This is the warning call rallying the proponents of the 'Circular Economy', an economic model which lays out the path towards greater reuse, repair, and refurbishment of our products.
From a business perspective, a move to a more circular economy supports Scotland's Economic Strategy. By developing a local supply chain that recovers valuable material in end-of-life products before they are sent to landfill.
The Global Level
It is difficult to estimate the size of the circular
economy in the UK. But data suggests it could be approximately £40 billion in the UK at present.
And models of the EU economy estimate that the circular economy could increase GDP up to 8% by 2050.
The Local Level
'Making Things Last: A Circular Economy Strategy for Scotland', a report published by the Scottish Government, identified key areas that a more circular approaches will benefit:
The environment: cutting waste and carbon emissions and reducing reliance on scarce resources;
The economy: improving productivity, opening up new markets and improving resilience; and
Communities: lower cost options to access the goods we need with opportunities for social enterprise.
The Company Level
Alongside material waste, energy efficiency is directly related to a businesses costs and carbon emissions.
In the case of lighting, both of these aspects are wide open for optimisation. It is estimated that as much as 28% of UK retailers energy bills go towards lighting costs, and as much as 43% in warehouses.
We're not going to dwell on the point of increased energy efficiency of LED's, as any UK facility manager will already be well aware of the benefits. Suffice to say, LED's are anywhere up to 80% more efficient than traditional artificial light sources, and in some scenarios, can last almost a decade longer without maintenance.
It's this second point we want to draw your attention to. As with everything in this world, your lighting efficiency deteriorates over time. So while you might not have noticed your energy costs climbing above inflation, you could find that your bills are much higher than they ought to be. Even if you have upgraded to LED's in the past.
So the question is; how do you continue to receive the highest energy efficiency, providing the lowest bills, without the maintenance costs? >>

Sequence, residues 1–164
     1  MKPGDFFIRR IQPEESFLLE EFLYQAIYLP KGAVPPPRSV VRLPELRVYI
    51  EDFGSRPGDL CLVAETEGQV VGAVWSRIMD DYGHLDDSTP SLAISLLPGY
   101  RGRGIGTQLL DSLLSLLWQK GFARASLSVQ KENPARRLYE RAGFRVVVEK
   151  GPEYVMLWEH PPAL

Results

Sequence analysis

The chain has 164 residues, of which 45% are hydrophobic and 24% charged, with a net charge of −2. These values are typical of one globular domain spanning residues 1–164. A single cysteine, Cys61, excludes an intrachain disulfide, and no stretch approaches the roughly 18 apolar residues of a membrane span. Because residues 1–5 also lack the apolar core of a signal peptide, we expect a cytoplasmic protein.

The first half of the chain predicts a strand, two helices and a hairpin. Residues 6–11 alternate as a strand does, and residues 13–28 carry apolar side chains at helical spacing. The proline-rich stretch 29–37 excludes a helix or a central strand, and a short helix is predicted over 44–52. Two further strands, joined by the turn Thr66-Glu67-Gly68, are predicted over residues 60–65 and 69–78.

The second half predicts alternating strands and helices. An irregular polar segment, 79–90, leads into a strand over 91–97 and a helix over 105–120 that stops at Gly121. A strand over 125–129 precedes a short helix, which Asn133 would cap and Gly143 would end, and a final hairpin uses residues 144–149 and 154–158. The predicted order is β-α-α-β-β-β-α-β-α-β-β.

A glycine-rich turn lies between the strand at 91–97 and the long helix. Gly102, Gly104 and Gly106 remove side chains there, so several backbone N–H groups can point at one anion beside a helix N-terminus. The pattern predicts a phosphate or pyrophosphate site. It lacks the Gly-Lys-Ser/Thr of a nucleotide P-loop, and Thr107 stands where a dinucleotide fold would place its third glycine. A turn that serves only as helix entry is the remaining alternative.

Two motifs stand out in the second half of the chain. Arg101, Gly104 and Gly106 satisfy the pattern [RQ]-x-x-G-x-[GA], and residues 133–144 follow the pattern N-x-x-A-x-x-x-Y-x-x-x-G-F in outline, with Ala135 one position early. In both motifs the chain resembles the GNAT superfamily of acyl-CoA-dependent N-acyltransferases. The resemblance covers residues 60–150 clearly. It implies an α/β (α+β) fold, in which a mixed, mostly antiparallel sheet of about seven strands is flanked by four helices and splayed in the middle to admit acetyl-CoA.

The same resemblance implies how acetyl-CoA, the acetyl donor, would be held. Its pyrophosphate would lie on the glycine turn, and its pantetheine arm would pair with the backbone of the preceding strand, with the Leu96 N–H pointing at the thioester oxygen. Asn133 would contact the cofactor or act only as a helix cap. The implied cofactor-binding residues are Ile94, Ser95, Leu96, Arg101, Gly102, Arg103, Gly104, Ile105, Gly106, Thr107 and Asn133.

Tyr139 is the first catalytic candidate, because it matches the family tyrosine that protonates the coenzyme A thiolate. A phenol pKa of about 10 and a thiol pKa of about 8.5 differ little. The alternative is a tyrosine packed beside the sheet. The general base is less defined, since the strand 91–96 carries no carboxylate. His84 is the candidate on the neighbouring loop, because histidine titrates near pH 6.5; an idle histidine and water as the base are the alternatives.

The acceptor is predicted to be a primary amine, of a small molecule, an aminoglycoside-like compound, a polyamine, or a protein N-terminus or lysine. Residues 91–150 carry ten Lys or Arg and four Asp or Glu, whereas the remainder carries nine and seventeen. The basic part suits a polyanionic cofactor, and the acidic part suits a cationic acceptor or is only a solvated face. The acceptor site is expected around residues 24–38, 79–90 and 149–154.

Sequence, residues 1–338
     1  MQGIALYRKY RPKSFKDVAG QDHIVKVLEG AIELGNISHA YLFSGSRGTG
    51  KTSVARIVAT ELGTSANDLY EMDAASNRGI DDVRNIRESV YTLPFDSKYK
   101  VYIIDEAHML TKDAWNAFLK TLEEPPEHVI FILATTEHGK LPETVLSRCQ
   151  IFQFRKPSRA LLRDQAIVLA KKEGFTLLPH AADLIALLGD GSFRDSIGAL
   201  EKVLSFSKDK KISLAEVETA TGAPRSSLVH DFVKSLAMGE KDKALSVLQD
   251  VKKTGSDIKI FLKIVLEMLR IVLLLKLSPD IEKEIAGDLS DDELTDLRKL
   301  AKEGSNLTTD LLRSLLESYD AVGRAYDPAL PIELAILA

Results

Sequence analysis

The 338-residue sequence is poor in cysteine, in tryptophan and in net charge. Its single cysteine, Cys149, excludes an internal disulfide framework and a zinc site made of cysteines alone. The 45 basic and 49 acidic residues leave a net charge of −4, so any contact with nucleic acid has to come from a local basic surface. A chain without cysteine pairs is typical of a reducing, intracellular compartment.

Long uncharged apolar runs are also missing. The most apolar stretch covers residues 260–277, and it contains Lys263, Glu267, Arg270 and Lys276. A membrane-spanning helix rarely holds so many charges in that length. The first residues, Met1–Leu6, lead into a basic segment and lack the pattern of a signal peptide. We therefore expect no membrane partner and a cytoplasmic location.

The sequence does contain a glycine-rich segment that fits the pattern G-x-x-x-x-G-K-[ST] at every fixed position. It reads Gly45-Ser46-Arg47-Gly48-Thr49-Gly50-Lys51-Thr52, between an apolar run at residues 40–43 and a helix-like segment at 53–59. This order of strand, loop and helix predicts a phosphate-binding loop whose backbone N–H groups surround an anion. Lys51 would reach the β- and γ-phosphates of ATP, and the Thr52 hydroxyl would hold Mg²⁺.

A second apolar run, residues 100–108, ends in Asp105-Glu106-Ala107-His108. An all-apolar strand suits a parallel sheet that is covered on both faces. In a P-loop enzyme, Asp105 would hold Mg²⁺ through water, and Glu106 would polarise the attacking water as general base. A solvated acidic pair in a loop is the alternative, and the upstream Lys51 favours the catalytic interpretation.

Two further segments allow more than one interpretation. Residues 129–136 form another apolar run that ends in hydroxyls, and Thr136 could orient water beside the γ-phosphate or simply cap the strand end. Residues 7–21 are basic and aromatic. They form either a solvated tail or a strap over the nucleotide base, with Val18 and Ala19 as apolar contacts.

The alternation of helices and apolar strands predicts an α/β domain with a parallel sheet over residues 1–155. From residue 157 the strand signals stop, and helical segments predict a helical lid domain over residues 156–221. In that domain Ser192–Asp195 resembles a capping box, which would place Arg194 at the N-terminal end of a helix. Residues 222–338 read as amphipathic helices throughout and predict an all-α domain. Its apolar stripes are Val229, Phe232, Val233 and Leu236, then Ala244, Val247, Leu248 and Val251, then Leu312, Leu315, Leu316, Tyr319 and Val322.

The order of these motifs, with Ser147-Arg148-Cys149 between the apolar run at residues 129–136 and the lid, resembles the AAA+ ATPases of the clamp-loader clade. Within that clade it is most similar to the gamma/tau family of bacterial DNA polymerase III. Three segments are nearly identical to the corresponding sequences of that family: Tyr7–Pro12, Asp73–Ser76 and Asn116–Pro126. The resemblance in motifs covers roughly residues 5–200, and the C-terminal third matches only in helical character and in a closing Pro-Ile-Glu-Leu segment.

Reflections on planned obsolescence, and why the model needs to change.
Bernard London published his essay, “Ending the Depression Through Planned Obsolescence” During the great depression of 1932. In that essay 'planned obsolescence' found its champion; it invoked economic optimism based on advances in manufacturing and agriculture. Planned obsolescence was associated with choice, jobs, innovation, value engineering and a thriving economy.
Unfortunately, planned obsolescence has now come to signify vast landfills, impractical products and the pollution of our environment. In economic terms, it is associated with big businesses making profit at the cost of the environment and hoodwinking consumers into buying things they don’t need. This is a far cry from what the original proponents envisaged.
Obsolescence has a place. A bit like cholesterol, there is a good type and a bad type. Bad obsolescence introduces cosmetic changes that improve neither utility nor performance. This is called “pseudo-functional obsolescence”. Good obsolescence involves “value engineering” with the purpose being to use as little material as possible, while providing an acceptable lifespan, this is well suited to hi-tech goods and fosters continuous innovation.
In my view, the main failure of planned obsolescence is the lack of planning around what happens to a product when it is deemed obsolete? It still exists as a product, so what happens next? We can reuse it or recycle it, is the stock response. However, often this is very impractical and takes more time effort, cost and energy than making a new one.
‘Reuse’ and ‘recycle’ are useful end-of-life concepts, however execution often fails in technology products e.g. phones, cars, PCs, as it is an afterthought. The situation is greatly improved if ‘Reuse’ and ‘recycle’ are considered at the idea stage and designed-in. Reuse at the design stage means “modular and upgradable” and ‘recycle’ is minimising reprocessing and remanufacturing effort.
As consumers, we can support this design effort with purchasing power. Buying a product is like a vote for the product. Without sufficient votes it will fail. The challenge lies around getting the right product info into the public domain so that we can make informed ‘votes’. We can’t leave it in the hands of marketing execs, who often appeal to our faculty for making irrational decisions.
Director at EGG lighting